“It sometimes seems as if I had no sooner learned to talk than I was doing it wrong,” writes Rohan Maitzen in her guest post on Jane Austen’s Anne Elliot and Charlotte Brontë’s Jane Eyre and “women’s long struggle to be heard on their own terms.” Rohan is an English professor and literary critic, and she lives in Halifax, Nova Scotia.
Her essays and reviews have appeared in Open Letters Monthly, Quill & Quire, the Times Literary Supplement, and several other publications, and she blogs at Novel Readings. She created a free online guide called Middlemarch for Book Clubs, which you can find here. Rohan is an excellent guide to Middlemarch (which I know from personal experience because I took her class on George Eliot when I was a graduate student), and she recently won an award from Dalhousie University for her outstanding work as a teacher. It’s a pleasure to introduce her contribution to my blog series “Youth and Experience: Northanger Abbey and Persuasion.”
It sometimes seems as if I had no sooner learned to talk than I was doing it wrong. Over the years I have been mocked, criticized, disciplined—even, once, slapped in the face—for talking too much, or at the wrong time, or in the wrong tone of voice; at other times I have been pressured to say more, to share, to discuss, to explain, to justify. The more fluent I became with language, the more it became a double-edged sword: I have been praised for being articulate and blamed for being intimidating, applauded for arguing forcefully and shamed for “ranting.”
I eventually came to see my fraught relationship with speech—along with the experiences of other women I have seen silenced, suppressed, or (more rarely) boldly speaking out—as part of women’s long struggle to be heard on their own terms in a world that rarely welcomes their voices. History has provided the context, but it is novels—particularly Persuasion and Jane Eyre—that have given me both comfort and courage as I continue to navigate this difficult terrain.
These two novels perhaps seem an unlikely pairing: one, after all, is famous for its heroine’s reticence, the other for its heroine’s rage. For most of her novel, Anne Elliot says too little; often, in hers, Jane Eyre says far too much. Elizabeth Bennet is Jane’s more obvious cousin: from the beginning of Pride and Prejudice she says exactly what she thinks. For all the pleasure I take in Lizzie’s liveliness, though, there’s an element of fantasy to her fearless conversation. Persuasion, in contrast, offers a deeply moving representation of the suffering that comes from being unable to speak your mind, an all-too-common experience for women made all the more painful for Anne because in her world (as Louisa Musgrove’s fall from grace so clearly illustrates) self-control really is a virtue and desire truly can be a wayward force. It’s precisely because speech is so ethically and emotionally complicated for Anne that the scene at the White Hart is so suspenseful and, ultimately, so satisfying.
Jane initially errs in the opposite direction; her immoderate outbursts, her vehement demands for equality and justice, are as thrilling as Anne’s inhibitions are frustrating. But the violence of Jane’s speech proves as destructive as it is liberating; her struggle is to control it, to channel its energy so that, like Anne, she can lead a life that reconciles her desires with her principles. While Anne’s most significant speech finally breaks down the barriers set by principle and propriety, Jane’s asserts the primacy of morality over passion: “I care for myself,” she silently declares, in the face of Rochester’s urgent plea that she abandon “Conscience and Reason” in favor of their love (Volume 3, Chapter 1). Stirring as her earlier words to Rochester are—“Do you think, because I am poor, obscure, plain, and little, I am soulless and heartless?” (Volume 2, Chapter 8)—this later moment reminds us that what we say to ourselves can be as powerful as what we say to others.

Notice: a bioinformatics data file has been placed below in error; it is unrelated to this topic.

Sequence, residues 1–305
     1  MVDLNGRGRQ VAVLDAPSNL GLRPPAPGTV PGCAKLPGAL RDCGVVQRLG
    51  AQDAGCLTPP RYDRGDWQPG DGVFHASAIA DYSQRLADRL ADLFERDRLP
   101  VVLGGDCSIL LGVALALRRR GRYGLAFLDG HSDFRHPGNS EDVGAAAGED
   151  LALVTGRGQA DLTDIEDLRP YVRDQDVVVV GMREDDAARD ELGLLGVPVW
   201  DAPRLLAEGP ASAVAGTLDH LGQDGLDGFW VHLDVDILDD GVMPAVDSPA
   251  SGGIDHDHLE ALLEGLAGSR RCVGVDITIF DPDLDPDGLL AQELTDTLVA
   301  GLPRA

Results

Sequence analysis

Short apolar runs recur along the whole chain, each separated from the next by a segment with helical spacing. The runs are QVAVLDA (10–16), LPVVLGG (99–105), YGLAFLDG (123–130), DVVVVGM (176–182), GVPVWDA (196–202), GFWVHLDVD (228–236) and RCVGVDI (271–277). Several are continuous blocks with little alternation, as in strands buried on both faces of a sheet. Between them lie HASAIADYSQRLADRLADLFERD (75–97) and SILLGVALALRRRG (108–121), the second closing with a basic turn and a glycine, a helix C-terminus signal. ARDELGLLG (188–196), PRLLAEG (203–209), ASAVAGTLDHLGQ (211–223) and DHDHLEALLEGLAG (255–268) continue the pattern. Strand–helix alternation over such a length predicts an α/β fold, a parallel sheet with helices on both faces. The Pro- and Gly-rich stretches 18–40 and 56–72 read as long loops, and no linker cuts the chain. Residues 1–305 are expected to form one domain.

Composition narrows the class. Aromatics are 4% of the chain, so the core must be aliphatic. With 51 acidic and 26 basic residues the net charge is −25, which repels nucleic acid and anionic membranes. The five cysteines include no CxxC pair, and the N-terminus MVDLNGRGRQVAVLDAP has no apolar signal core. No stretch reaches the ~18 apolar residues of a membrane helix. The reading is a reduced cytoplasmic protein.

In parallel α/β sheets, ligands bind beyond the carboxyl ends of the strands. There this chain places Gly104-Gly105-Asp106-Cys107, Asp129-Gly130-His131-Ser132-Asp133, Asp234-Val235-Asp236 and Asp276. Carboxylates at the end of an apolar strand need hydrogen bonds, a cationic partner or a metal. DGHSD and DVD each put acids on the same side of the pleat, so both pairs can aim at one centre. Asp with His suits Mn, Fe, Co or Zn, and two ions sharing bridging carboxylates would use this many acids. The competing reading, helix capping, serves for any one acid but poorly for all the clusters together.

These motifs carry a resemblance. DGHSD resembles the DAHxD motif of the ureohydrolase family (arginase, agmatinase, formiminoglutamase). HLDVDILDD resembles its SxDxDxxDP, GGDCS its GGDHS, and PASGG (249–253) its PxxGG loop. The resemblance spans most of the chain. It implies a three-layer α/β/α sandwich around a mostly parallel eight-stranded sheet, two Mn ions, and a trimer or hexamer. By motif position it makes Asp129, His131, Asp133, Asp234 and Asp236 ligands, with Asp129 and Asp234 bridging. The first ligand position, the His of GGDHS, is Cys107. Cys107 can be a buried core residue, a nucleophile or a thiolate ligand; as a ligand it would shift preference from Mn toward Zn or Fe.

In both Persuasion and Jane Eyre, agency, not just self-expression, is the ultimate goal: the point is not for Anne and Jane simply to demand what they want, but for them to achieve what they need and deserve. “Power,” Carolyn Heilbrun observes, “is the ability to take one’s place in whatever discourse is essential to action and the right to have one’s part matter” (Writing a Woman’s Life ). That’s what, in their complementary ways, Anne and Jane are seeking, and it’s what I’m after too. To an extent that might surprise those who know me and see only, or mostly, a confident and self-sufficient exterior, I still find it stressful deciding if, when, or how to speak up. I carry the psychological baggage of years of criticism, which now manifests as a tendency to brood, second-guess, and self-censor. That’s why I am inspired by women who emerge victorious from this ongoing struggle—by Anne and Jane, and even more by Austen and Brontë, who took the pen into their own hands to show us that whatever the hazards, we must and can find the words to speak for ourselves.
Quotations are from the Oxford World’s Classics edition of Jane Eyre, edited by Margaret Smith, with Introduction and revised notes by Sally Shuttleworth (2000).
Twenty-ninth in a series of blog posts celebrating 200 years of Jane Austen’s Northanger Abbey and Persuasion. To read more about all the posts in the series, visit “Youth and Experience.” Coming soon: guest posts by Sheila Johnson Kindred, Judith Sears, and Marcia McClintock Folsom.
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Beautifully said. I find myself vacillating between the two: speaking up and then second guessing myself for what I said or left un-said and then vowing not to say anything next time. Good point about Austen and Bronte. They are truly inspiring role models. They wrote so brilliantly with so little help–not even computers–and at a time when it was not ‘the done thing’.
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